My reaction to the second episode of Bodacious Miniskirt Pirates is pretty much the same as to the first – a pretty good anime that isn’t doing anything much to excite me.
I’m seeing two trends emerge a couple of weeks into the Winter 2012 season. One of them is the continuing growth of yuri for no purpose beyond pandering (I think every high school this season outside “Daily Lives of High School Boys” is an all-girls school), and the other is a new one. Or rather, a new old one, as I think we’re seeing a good number of throwback series this season – shows that harken back to a time when anime was both less and more genre-specific. Science-fiction and action were the dominant styles of the day, but series were less caught up in specialization but rather tried to be “all-purpose” in telling a story. KamiDolls was a great example from the Summer, but I’m seeing more of them now than in any season that I can remember.
A good part of the reason for that is that we have a good number of old-time industry veterans writing and directing shows this season – something I welcome with open arms, BTW – and director Satou Tatsuo certainly qualifies. In Mouretsu Pirates he and Satelight are giving us a series that looks terrific and does a lot of things well. I enjoy the usual top-notch Satelight backgrounds – while they might not have the gloss of higher-end Production I.G. or BONES shows, Satelight really seems to present a lot of personal style and genuine love on the part of the artists for their work. It’s a high-end production all-around, with very much a classic premise, cute characters but no over-the-top fanservice and humor that falls more under the “sly” than uproarious label.
What I don’t see so far is anything that’s really compelling dramatically. Marika is fine as the MC, and Kurihara a fine foil even if HanaKana seems to be channeling her Kuroneko voice unaltered. I like the Mom, and the supporting cast from the Bentenmaru is interesting enough. But perhaps it’s because Satou-sensei is taking such a go-slow approach that I find the first two episodes mildly interesting rather than really engaging. I liked the second ep about as much as the premiere, though the second half dragged a bit. It’s obvious that the “Odette II” is not one of the original seven privateers disguised as a girls’ school practice ship by coincidence – the conspiracy runs deep here. I enjoyed watching Kane put the Yacht Club through their paces as we saw the preparation of the ship for launch in excruciating detail. Probably the best scene of the ep was the shooting expedition Ririka took Marika on in the badlands – I especially enjoyed her explanation of why pirates need guns (“90% of fights are over before the first trigger is pulled”) as it shows real insight into the nature of warfare and privateering.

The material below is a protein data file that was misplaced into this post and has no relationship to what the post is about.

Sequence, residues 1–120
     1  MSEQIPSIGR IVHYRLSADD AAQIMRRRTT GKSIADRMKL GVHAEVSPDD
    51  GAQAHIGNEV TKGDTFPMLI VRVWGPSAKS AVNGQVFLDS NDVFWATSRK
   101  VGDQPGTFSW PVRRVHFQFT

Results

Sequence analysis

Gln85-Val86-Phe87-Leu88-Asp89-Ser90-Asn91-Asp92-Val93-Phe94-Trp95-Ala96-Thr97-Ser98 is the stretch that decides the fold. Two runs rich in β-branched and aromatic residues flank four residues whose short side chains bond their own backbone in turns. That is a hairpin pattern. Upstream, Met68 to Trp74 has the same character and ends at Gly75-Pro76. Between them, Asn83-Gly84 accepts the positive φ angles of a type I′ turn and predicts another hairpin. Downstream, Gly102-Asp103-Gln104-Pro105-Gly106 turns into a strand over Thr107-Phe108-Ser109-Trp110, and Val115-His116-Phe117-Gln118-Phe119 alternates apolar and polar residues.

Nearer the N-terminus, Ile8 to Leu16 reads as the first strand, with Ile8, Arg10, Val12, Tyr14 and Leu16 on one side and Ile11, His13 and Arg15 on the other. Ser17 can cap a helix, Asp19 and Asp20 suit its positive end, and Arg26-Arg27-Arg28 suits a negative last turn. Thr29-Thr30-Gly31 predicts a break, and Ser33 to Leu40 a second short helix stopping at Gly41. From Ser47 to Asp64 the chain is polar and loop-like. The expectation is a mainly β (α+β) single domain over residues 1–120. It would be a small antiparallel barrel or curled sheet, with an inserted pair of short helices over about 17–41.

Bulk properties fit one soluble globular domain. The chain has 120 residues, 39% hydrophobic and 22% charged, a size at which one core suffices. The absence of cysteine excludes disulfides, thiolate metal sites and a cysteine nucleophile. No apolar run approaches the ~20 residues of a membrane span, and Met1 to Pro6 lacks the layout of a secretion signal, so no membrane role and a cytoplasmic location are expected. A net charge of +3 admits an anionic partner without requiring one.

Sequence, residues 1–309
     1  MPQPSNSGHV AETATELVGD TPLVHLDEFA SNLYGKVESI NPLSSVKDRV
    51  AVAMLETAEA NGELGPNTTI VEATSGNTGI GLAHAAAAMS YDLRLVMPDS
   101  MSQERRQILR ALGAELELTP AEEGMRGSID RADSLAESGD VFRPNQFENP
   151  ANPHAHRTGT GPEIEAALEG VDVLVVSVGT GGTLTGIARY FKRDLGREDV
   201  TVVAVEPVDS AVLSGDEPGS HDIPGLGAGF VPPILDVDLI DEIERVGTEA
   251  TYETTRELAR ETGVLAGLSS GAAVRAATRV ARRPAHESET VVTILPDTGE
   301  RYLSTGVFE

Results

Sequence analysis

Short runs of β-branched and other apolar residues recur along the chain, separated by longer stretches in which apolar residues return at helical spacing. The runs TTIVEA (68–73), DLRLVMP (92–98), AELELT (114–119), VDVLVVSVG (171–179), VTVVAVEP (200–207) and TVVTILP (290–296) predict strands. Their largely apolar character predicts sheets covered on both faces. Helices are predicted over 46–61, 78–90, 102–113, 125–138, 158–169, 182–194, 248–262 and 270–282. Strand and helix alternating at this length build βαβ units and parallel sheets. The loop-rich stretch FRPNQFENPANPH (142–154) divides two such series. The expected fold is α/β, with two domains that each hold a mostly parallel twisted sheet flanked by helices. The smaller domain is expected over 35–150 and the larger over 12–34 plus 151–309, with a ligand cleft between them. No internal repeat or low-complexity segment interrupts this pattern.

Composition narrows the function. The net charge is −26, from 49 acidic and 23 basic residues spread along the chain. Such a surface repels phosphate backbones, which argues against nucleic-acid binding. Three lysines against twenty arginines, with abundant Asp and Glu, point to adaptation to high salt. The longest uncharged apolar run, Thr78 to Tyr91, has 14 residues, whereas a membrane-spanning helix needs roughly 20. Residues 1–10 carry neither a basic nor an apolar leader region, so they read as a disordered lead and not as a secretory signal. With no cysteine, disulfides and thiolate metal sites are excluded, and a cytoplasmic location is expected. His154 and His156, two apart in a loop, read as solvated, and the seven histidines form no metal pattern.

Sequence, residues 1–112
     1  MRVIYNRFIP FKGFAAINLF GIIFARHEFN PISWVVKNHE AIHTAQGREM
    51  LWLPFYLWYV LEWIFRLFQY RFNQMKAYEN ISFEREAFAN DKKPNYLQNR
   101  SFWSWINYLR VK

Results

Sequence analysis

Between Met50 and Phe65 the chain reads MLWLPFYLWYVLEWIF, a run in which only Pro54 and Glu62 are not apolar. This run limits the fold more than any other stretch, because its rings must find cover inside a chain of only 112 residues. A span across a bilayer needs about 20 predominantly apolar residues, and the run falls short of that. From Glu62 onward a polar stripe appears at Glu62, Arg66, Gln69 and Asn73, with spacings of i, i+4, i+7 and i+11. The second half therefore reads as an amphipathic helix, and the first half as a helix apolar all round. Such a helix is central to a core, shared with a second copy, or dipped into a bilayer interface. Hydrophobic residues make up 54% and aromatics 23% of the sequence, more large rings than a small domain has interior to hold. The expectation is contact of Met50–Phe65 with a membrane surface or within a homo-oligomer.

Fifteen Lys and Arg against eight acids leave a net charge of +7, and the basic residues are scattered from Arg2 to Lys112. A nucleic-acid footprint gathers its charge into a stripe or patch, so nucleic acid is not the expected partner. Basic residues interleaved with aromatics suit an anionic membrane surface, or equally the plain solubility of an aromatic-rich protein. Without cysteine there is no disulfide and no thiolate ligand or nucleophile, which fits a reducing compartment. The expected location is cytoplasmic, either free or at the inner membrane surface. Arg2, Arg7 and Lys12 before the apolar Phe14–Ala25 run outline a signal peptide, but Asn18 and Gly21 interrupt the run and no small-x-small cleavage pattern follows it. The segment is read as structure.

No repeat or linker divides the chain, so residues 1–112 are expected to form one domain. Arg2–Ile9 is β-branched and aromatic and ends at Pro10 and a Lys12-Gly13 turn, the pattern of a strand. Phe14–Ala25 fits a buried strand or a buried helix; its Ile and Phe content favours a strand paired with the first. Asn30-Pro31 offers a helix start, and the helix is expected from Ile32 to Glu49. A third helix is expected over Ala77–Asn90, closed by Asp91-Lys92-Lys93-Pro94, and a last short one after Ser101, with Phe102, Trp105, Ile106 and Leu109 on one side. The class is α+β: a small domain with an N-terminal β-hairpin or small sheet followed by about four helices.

I can’t say any of that excited me, though – there’s really nothing bodacious about this show yet. One thing I notice is that everyone in the series seems to have an extremely carefree, almost cavalier attitude – certainly not shocking in a show about pirates, but combined with the glacial pacing it does create a distinct lack of urgency. There’s very little real emotion here, and so far a lack of any feeling of danger, despite the attack on Marika at the maid café. I’m ready for something to happen that has consequences – perhaps that something will be connected to the arrival of Hyakume (Keiji Fujiwara, an actor who usually livens things up). Perhaps it will come when we meet the pirates on-board the Bentenmaru, who will hopefully be a madcap bunch (the ones we’ve met so far are likable enough, but pretty vanilla for pirates). I’m ready for a little swashbuckling, and hopefully we get some pretty damn soon.